After the Théâtre St. Pierre closed due to poor construction, the theater manager, Louis Tabary envisioned a grand theater just a block away with a French name, the Théâtre d’Orléans.  Construction begins on the original Orleans Theatre in 1806.  The War of 1812 delayed the opening until 1815 when it finally opened its doors for Creole society to once again enjoy French Opera.  The performances at the grand French-provisional structure were short lived after the Theatre was completely destroyed by fire in 1816.  In 1817, entrepreneur John Davis, hoping to make his mark on New Orleans’ rich social scene, purchased the land and re-built the Orleans Theatre and added the Orleans Ballroom: the oldest, most historic ballroom in New Orleans today. Davis hired British born architect, Henry Latrobe, designer of the U.S. Capitol, to build the Theatre and Ballroom in hopes of outshining any competition.

When it opened in 1819, the Orleans Theatre & Ballroom became the setting for the most select affairs in New Orleans. In addition to European Opera performances, events held here were masquerade balls, carnival balls as well as Quadroon Balls, at which Creole women of color, quadroons, were selected to be the mistresses of wealthy Creole gentleman, in a system known as plaçage.  The Theatre served as the most important venue for Creole society.  Prestigious operas, such as Gioachino Rossini’s La Comte Ory, La Dame del Lago and La Gazza Ladra made their U.S. debut in the Theatre. Davis spared nothing in the design and construction.  The 1300 seat Theatre quickly placed New Orleans on the map as the opera capital of the United States throughout the nineteenth century.One of the most notable guests to visit was the French aristrocrat and military officer, Marquis de Lafayette, who entertained there during his visit to New Orleans in 1825.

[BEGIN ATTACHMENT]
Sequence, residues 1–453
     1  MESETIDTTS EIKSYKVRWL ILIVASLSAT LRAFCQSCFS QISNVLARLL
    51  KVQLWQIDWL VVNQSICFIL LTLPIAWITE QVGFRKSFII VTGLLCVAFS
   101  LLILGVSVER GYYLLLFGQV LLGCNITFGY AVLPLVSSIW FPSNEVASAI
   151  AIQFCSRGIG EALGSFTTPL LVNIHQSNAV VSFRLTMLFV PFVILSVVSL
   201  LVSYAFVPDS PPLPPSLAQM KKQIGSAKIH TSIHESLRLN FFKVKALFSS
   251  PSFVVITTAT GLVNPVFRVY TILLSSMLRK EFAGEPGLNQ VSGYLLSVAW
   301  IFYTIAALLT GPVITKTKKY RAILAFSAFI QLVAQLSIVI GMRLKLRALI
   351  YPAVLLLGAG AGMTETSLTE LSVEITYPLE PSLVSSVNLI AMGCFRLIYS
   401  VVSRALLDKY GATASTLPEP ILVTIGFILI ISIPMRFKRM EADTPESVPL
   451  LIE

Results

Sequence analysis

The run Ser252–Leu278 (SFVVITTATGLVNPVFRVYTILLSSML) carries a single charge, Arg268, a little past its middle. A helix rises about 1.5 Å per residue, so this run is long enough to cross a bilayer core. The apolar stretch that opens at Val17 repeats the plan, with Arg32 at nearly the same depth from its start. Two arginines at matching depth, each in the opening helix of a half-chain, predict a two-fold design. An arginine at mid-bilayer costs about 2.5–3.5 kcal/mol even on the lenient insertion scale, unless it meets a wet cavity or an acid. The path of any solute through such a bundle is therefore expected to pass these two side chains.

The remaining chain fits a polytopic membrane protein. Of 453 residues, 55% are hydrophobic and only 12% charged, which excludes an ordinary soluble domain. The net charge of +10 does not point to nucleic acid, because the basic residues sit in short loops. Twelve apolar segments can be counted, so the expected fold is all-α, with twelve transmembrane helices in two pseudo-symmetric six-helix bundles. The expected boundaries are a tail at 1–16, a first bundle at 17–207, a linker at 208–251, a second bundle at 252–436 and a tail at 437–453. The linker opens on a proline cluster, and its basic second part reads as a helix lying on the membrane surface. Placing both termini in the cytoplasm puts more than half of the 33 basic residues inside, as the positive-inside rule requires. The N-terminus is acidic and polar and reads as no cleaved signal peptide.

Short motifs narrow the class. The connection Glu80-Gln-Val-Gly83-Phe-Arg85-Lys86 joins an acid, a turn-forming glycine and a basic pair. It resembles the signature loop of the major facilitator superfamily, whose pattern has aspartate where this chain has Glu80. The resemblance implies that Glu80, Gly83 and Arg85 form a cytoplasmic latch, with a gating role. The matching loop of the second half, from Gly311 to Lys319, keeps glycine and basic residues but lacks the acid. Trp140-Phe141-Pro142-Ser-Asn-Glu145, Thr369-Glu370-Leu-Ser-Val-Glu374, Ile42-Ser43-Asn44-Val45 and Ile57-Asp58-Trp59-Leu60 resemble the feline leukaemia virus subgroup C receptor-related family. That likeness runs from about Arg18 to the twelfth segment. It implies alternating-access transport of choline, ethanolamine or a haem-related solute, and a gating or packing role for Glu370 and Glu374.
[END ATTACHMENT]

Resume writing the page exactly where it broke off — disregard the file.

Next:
In 1828, a fire burned the old Capitol building and forced the State Legislature to temporarily relocate its assembly space in the  Orleans Ballroom. It is said, but unverified, that Andrew Jackson announced his candidacy for President of the United States of America within these staunch walls.  From 1852 – 1881, the First District Court held session in the ballroom.The Theatre and Ballroom were losing their luster in the 1830s with the opening of a grander ballroom at the new St. Louis Hotel. In 1866 a fire swept through the area, destroying the Theatre, only the Orleans Ballroom was spared.  By 1881, both the Orleans Theater and Ballroom had been acquired by the Sisters of the Holy Family for use as a school, orphanage and convent.  The Sisters of the Holy Family were at that location for 83 years, until the need for expansion pressed them to sell the property to hotel interests.  New additions would replace structures built by the nuns, but the Orleans Ballroom would remain and begin a life more closely attuned to its opulent beginnings.